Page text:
Date Published: Dec 14, 2016
If you're building a new computer for gaming and you know you won't be overclocking over your PC's lifetime (for most builders there's no need for overclocking to be honest) - the following parts is what I'd currently go for to maximize a budget of around $1200 (for the core components) and end up with an awesome stylish-looking high-performing gaming rig that's built to last. No mucking around, let's get straight into the parts:
|Motherboard||Asus H170 Pro|
|CPU||Intel Boxed Core I7-6700|
|RAM||HyperX FURY Black 16GB 2133MHz DDR4|
|Graphics Card||EVGA GeForce GTX 1070 SC 8GB|
|SSD||Crucial MX300 525GB|
|Power Supply||EVGA SuperNOVA 650 G1 80+ GOLD Modular|
|Case||Corsair Carbide Series SPEC-ALPHA Mid-Tower|
Motherboard: A solid non-overclocking motherboard from a reliable motherboard manufacturer in Asus. Can't go wrong with this one, and it'll provide a nice reliable base for your new rig.
CPU: The Intel Core i7-6700 is the best high-end processor for non-overclockers, and comes with a stock fan which performs well enough so there's no need to get a separate CPU cooler.
RAM: 16GB of DDR4 RAM is a ton of the latest spec memory that'll last you a long, long time. A little overkill for gaming right now as you would hardly see a difference if you were to get 8GB instead, however 16GB really does future-proof this build further and what I always recommend when building a high-end gaming rig. Can't go wrong with Kingston branded RAM either.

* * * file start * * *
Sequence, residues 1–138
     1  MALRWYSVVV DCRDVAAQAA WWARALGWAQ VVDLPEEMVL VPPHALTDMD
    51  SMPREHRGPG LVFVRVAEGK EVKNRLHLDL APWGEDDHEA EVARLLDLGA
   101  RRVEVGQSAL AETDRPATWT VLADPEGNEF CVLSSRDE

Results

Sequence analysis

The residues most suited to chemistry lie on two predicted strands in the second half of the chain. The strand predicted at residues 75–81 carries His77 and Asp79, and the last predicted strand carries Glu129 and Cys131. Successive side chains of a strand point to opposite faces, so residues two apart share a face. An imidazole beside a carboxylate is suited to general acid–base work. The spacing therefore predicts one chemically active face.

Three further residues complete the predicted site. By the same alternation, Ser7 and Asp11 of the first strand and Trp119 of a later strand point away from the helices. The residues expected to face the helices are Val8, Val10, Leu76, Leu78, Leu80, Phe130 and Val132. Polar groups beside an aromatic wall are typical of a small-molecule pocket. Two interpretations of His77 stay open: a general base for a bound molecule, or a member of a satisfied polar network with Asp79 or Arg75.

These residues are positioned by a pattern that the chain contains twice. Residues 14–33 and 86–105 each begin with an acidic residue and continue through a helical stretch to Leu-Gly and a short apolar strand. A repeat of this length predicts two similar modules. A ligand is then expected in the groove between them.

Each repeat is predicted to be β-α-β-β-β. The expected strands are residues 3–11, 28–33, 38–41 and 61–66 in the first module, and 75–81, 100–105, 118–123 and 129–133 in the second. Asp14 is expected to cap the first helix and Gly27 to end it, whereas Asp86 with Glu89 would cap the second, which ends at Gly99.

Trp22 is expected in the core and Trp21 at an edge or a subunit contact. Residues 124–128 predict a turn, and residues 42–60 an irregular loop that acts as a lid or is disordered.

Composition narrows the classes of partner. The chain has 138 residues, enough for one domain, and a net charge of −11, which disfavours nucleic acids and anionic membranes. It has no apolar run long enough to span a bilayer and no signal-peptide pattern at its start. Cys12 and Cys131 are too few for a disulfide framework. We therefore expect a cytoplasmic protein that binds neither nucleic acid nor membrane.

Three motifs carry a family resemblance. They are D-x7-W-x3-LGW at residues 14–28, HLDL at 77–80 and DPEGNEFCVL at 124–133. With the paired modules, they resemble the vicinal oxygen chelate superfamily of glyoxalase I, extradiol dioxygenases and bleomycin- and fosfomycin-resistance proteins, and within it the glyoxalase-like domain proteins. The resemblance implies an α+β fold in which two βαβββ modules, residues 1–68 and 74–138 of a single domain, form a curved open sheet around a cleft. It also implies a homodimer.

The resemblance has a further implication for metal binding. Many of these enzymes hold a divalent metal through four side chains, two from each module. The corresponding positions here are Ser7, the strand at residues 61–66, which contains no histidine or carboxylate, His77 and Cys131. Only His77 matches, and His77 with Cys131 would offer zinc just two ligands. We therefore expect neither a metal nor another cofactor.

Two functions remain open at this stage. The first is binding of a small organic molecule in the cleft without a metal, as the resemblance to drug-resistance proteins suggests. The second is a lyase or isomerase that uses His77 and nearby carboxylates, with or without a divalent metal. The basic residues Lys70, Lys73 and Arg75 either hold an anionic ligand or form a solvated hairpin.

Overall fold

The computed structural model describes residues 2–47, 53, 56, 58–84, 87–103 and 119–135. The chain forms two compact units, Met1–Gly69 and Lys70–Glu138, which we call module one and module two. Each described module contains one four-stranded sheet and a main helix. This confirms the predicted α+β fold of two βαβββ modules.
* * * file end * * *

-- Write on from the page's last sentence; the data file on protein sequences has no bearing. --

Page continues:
Graphics: The EVGA 1070 8GB is the best high-end graphics card right now second only to the 1080 which isn't necessary for high-end gaming in standard resolutions. Expect this card to have you playing any of the latest games very smoothly, even the most demanding ones, for years to come.
SSD: A decent-sized, fast, reliable solid state drive. Crucial SSDs are great value and generally perform superbly.
PSU: 650 watts is more than enough power for this PC, even taking into account any sort of basic upgrades down the line. However, if you know that you'll likely add a second graphics card later down the road (ie a second 1070) then you may want to get a 750 watt unit just to be safe (even though you could still get away with 650 for 2 x 1070's). Speaking of dual graphics cards, don't think it's necessary at all as a single 1070 is a very powerful graphics setup. As for the actual power supply chosen, it's a high-quality gold-rated unit that is easily one of the better value for money choices.
Case: A pretty awesomely designed and decent quality mid-tower case at a good price. One common gripe with this case is the lackluster cable management, however for our purposes that doesn't matter to be honest as the EVGA power supply above is fully modular (meaning no extensive extra cabling to worry about!).
So that's it for our best current example of building the fastest non-overclocking gaming build for $1200 - Enjoy!